Sunday, July 8, 2012
What Happens to Us When We Were Not Loved
Regrettably much of modern day psychotherapy reinforces the split, or disconnection, between the deep primal universe and our thinking frontal cortex. The feelings leaking up from the primal universe are treated by most therapists as aberrations requiring suppression by our thinking minds, the cortex. We now know differently. That universe not only exists and is quantifiable (feelings can be measured along with the level of repression) but is also crucial to our health. The body has a voice, and it tells us if the level of cortisol, our stress hormone, is high, and if serotonin, a brain chemical that suppresses other brain activity, is low; the body can override anything the cortex would have us believe. If there is a discrepancy between what we believe and what physiological tests indicate, we should be suspicious.
One patient began therapy saying that he was coming for intellectual reasons because he believed in our philosophy. Little by little we found that he could not sleep, was agitated constantly, and could not relax. He organized his day so that he always had something to do and some place to go. His vital signs were high—a heart rate of a constant 95 and blood pressure of 160 over 100. He wasn’t seeing us for philosophical reasons. He was ashamed to be “neurotic” like everyone else and could not stand being a “nut case.” This man had what I call “leaky gates.” His inhibitory, repressive system was defective. There are many reasons for that, as we shall see later. One important reason is the birth trauma, which diminishes the frontal inhibitory cortex from proper development. He had trouble controlling his impulses, which surged forward during sleep, waking him up, causing him to ruminate and think about any number of trivial things. His gating system was inadequate for proper sleep.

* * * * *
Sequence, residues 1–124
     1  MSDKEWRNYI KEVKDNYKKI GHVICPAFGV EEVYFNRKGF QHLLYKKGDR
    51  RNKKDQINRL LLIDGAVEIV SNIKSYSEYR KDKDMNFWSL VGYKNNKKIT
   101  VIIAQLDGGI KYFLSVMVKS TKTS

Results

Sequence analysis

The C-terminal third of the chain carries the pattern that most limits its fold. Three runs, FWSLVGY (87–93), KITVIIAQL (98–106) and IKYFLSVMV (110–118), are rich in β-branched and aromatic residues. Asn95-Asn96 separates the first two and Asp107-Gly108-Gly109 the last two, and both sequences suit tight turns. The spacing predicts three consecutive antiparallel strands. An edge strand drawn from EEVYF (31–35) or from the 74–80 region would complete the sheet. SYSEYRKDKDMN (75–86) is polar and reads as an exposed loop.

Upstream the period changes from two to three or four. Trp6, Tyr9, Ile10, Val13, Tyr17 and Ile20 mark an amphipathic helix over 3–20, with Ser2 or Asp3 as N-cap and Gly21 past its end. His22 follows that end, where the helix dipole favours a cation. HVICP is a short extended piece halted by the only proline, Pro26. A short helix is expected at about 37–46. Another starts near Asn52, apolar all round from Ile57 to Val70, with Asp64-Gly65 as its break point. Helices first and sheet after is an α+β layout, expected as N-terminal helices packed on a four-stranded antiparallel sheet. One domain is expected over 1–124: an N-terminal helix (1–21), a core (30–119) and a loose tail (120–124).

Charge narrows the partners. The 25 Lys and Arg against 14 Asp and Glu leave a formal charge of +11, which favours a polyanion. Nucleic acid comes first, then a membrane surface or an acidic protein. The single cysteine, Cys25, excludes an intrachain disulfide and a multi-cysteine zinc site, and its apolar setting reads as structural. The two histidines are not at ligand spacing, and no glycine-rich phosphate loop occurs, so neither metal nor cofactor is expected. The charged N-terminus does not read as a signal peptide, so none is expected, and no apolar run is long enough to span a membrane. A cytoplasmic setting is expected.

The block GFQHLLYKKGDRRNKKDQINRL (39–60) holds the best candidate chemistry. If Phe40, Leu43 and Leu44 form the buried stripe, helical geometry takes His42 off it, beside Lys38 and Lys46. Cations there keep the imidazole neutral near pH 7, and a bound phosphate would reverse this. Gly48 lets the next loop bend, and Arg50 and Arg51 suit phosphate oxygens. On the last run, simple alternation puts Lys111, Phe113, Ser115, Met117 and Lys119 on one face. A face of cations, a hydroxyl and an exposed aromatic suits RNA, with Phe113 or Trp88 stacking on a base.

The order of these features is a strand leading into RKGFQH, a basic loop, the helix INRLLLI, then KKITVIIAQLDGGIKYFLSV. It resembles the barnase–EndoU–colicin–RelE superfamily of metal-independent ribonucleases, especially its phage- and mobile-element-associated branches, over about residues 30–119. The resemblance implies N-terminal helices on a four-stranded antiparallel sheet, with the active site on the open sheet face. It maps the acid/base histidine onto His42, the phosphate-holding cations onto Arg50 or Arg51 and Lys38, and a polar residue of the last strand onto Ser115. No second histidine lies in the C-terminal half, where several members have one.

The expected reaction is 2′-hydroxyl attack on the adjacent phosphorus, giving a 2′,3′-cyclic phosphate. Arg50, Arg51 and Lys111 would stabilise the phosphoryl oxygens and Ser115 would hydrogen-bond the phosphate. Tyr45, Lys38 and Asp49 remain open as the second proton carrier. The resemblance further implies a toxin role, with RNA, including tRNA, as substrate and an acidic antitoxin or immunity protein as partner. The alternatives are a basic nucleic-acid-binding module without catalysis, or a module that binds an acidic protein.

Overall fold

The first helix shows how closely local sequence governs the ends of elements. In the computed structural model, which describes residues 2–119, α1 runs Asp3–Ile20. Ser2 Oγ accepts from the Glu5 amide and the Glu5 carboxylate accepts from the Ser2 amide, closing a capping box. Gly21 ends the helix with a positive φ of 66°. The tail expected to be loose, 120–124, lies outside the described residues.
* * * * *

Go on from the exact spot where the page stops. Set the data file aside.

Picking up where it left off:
We have done imipramine binding studies (blind) of blood platelets. (with Open University in Milton Keynes, England). Blood platelets have a high degree of biochemical resemblance to nerve cells, including neurotransmitter uptake and binding sites. We reasoned that we could measure through the blood, by surrogate, the serotonin production in the brain. Imipramine has a role as an antidepressant. It blocks the uptake of serotonin so that more of it remains to help repression. That is why it is important that levels normalized after one year of Primal Therapy. Our informal analysis of a number of patients in Europe found that manic patients were low on binding. It is something we expected, as their frontal control mechanisms were faulty. We assumed that early trauma compromised the development of prefrontal brain tissue.
Within our brain system resides the left frontal cortex, which has a tremendous capacity for self-deception. Once we understand its role in evolution, we should be wary of relying on it for accuracy and truth about internal experience. We can rely on the left frontal cortex for external perception because that is its role, but not for internal understanding. If we want to know about our primal universe of feeling, we must appeal to the right brain and right prefrontal cortex. We can trust the right side; it is the repository of our truth. Unfortunately, it forces the left side to lie and deceive; above all, to lie and deceive the self.
Brain research has shown that if we receive a lack of love early in life, there are fewer key cells to help us think, concentrate, focus, and connect our thoughts with our feelings (see for example Teicher, et al., 2002). Once we understand that hidden feelings drive much of our behavior, we will then understand how important it is to connect our thoughts with our feelings. Without connection, we cannot control the behavior or the physical symptoms that grow from such feelings.
Through conventional psychotherapy, we manage through various insights and drugs to achieve temporarily what should have occurred had we had loving parents very early on. Both drugs and therapy allow us to achieve at least a temporary state of ease through enhancing the effectiveness of the defense system. I submit that cognitive/insight therapy is in effect a tranquilizer and increases left hemisphere repression to the detriment of feeling.